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COMMENTARY

COMMENTARY
English
Gospel according to Matthew
Gospel according to Mark
Gospel according to Luke
Gospel according to John
Acts of the Apostles
Epistle to the Romans

German
Die Offenbarung des Johannes

Arabic
إنجيل المسيح حسب متى
إنجيل المسيح حسب مرقس
إنجيل المسيح حسب لوقا
إنجيل المسيح حسب يوحنا
أعمال الرسل
رسالة إِلى أهل رومية
رسالة إِلى أهل غلاطية
رسالة إِلى أهل فيلبي
رسالة إلى أهل كولوسي
رسالة إلى العبرانيين
رسالة يعقوب
رؤيا يوحنا

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THE STINGY SAMARITANS
AT THE BEGINNING OF THE LORD'S JOURNEY
(Luke 9:51-56)
51   And it came to pass, when the time was come that he should be received up, he stedfastly set his face to go to Jerusalem,
52   And sent messengers before his face: and they went, and entered into a village of the Samaritans, to make ready for him.
53   And they did not receive him, because his face was as though he would go to Jerusalem.
54   And when his disciples James and John saw this, they said, Lord, wilt thou that we command fire to come down from heaven, and consume them, even as Elias did?
55   But he turned, and rebuked them, and said, Ye know not what manner of spirit ye are of.
56   For the Son of man is not come to destroy men's lives, but to save them. And they went to another village.

Christ had not yet finished training his disciples, when the time appointed by the will of God approached for him to suffer and give himself a ransom for the world. The Son of the Highest knew that his disciples did not understand him completely, for their hearts were still bound by sin, and the Holy Spirit had not yet abided in them. So he went toward Jerusalem to reconcile men with God on the cross, and then ascend, through his triumph on Golgotha, to heavens to bring down to us needy the power of his Father that it might bring us to knowledge, humility, love, and patience.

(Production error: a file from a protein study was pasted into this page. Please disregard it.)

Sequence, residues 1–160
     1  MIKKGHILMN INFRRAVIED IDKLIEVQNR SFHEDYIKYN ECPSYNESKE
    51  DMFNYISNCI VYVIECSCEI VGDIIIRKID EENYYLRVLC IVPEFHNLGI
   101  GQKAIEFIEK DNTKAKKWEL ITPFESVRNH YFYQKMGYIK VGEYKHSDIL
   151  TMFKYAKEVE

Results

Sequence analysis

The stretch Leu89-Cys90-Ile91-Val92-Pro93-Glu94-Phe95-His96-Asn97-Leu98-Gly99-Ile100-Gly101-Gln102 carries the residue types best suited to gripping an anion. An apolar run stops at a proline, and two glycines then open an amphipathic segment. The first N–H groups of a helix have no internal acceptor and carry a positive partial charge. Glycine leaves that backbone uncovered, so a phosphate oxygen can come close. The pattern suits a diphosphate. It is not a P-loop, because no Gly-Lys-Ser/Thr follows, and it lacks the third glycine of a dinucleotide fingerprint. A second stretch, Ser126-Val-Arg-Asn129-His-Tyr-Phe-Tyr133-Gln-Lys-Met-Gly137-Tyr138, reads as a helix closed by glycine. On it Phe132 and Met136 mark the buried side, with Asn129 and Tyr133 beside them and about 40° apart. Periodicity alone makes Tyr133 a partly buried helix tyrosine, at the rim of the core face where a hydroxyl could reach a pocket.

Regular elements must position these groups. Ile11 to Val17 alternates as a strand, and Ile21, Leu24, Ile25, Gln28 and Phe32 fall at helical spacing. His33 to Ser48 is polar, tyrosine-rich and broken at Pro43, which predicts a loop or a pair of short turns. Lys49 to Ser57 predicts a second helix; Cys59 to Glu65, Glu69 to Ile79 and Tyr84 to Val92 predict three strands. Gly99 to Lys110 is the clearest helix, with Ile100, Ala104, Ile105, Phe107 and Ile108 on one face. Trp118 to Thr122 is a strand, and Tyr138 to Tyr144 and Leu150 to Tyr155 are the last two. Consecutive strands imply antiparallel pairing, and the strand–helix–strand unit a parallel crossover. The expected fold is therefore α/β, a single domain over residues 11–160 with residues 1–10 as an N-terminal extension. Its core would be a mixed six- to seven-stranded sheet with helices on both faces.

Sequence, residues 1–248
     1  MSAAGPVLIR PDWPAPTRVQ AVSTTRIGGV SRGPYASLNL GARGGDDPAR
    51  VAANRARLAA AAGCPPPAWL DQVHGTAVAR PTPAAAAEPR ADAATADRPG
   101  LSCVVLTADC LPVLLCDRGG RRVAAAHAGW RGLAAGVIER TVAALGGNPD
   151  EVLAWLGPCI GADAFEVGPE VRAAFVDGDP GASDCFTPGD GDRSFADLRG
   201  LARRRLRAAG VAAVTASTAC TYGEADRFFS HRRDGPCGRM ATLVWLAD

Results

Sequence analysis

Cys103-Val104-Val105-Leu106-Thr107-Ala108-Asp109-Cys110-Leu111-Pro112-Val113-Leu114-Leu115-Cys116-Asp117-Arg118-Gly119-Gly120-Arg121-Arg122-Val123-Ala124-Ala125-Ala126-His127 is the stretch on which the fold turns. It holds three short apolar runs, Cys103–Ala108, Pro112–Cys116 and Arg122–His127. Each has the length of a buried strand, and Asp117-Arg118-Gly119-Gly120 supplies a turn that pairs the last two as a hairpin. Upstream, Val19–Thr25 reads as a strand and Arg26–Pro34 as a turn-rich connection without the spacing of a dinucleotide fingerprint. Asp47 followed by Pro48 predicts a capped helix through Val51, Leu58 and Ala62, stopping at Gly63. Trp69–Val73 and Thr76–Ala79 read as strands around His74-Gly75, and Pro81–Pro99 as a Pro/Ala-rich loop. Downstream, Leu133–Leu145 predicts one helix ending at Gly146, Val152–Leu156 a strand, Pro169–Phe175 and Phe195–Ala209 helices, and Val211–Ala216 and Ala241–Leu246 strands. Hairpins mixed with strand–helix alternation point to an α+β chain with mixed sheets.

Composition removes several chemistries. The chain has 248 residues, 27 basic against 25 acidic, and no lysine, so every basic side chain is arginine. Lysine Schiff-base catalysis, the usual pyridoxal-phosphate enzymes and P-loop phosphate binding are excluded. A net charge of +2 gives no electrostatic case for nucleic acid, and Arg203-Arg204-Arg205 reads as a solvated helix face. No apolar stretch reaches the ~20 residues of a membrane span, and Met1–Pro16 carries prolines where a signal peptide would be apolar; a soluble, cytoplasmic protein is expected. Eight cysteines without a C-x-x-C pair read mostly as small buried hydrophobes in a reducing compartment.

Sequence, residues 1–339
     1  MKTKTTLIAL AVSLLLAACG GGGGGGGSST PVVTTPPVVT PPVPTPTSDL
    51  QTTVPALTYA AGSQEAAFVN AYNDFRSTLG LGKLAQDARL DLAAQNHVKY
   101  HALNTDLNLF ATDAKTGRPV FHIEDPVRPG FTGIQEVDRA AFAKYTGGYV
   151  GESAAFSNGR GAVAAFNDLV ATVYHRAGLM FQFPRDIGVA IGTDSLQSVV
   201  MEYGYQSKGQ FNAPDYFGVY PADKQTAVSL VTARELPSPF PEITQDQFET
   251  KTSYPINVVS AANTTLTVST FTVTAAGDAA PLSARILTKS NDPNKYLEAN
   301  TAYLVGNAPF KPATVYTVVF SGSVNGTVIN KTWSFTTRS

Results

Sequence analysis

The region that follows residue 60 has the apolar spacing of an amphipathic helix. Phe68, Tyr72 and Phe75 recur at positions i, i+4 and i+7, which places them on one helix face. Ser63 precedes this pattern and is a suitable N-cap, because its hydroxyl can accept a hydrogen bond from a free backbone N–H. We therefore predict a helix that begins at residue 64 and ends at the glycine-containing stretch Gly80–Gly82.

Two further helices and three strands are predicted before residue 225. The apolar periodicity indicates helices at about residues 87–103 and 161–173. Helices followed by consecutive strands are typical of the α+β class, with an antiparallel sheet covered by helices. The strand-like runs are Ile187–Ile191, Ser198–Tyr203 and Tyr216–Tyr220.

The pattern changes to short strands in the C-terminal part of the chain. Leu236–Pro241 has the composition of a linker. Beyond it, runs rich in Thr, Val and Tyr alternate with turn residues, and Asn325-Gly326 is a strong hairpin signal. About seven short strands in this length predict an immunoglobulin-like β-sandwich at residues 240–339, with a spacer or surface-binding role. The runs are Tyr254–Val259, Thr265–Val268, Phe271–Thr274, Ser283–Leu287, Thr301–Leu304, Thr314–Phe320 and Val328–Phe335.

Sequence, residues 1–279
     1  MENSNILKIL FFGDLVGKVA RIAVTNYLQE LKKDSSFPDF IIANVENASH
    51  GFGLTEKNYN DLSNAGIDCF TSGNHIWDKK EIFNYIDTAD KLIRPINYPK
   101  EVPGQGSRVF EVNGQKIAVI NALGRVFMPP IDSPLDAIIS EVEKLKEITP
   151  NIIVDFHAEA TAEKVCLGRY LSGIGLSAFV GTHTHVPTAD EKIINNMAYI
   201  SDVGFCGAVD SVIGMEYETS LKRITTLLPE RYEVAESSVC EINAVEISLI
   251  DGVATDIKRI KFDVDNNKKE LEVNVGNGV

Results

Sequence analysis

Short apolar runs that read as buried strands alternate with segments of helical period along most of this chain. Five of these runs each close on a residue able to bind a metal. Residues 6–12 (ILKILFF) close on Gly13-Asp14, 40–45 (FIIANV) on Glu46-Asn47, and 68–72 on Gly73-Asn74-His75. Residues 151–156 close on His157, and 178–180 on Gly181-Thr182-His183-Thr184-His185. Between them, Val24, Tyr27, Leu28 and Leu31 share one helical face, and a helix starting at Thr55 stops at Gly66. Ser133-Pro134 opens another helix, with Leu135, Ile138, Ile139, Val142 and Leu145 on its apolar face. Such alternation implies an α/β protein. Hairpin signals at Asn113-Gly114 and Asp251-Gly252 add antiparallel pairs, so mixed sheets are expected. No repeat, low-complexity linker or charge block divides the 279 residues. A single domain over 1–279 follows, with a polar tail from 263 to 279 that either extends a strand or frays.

Beginning from this reading, Luke tells us how Jesus left Galilee, his homeland, and started his long journey knowing that he would not come back, but die there. He was thirty years old, and the world was in need of his words and healings. However the Son of Man knew that his death was more essential than his life on earth, therefore he denied himself, took up his cross, and gave his life a ransom for many.
Christ did not allow sorrows to prevail in him, but he organized his procession of love, and sent the apostles to the villages to prepare shelter and food, which entails that the guidance by the Spirit does not avoid organization in the life of individuals and churches, for our God is not the God of disorder, but the Lord of good order and organization.
They who traveled straight from Galilee to Jerusalem at that time had no alternative but to pass by Samaria, which was inhabited by people mixed with remnants of the tribes of Israel, as well as those whom the Assyrians put up in the promised land, and whose religion also became mixed, which made the Jews despise them and consider them unclean. The Samaritans, in return, despised the Jews, and caused harm and injury to travelers and incomers. Thus a state of enmity and deep-rooted hatred prevailed over them.